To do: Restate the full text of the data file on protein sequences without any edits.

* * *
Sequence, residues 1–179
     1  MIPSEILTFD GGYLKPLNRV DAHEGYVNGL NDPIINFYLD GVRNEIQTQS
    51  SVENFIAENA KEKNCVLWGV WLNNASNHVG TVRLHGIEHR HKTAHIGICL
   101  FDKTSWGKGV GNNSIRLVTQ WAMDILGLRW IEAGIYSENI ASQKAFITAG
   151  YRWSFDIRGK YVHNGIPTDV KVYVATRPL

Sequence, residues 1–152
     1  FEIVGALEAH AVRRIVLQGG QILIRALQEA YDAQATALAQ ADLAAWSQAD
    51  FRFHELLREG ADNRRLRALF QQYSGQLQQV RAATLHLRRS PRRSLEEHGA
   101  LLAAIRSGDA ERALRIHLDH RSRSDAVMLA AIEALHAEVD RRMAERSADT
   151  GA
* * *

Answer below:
Sequence, residues 1–179
     1  MIPSEILTFD GGYLKPLNRV DAHEGYVNGL NDPIINFYLD GVRNEIQTQS
    51  SVENFIAENA KEKNCVLWGV WLNNASNHVG TVRLHGIEHR HKTAHIGICL
   101  FDKTSWGKGV GNNSIRLVTQ WAMDILGLRW IEAGIYSENI ASQKAFITAG
   151  YRWSFDIRGK YVHNGIPTDV KVYVATRPL

Sequence, residues 1–152
     1  FEIVGALEAH AVRRIVLQGG QILIRALQEA YDAQATALAQ ADLAAWSQAD
    51  FRFHELLREG ADNRRLRALF QQYSGQLQQV RAATLHLRRS PRRSLEEHGA
   101  LLAAIRSGDA ERALRIHLDH RSRSDAVMLA AIEALHAEVD RRMAERSADT
   151  GA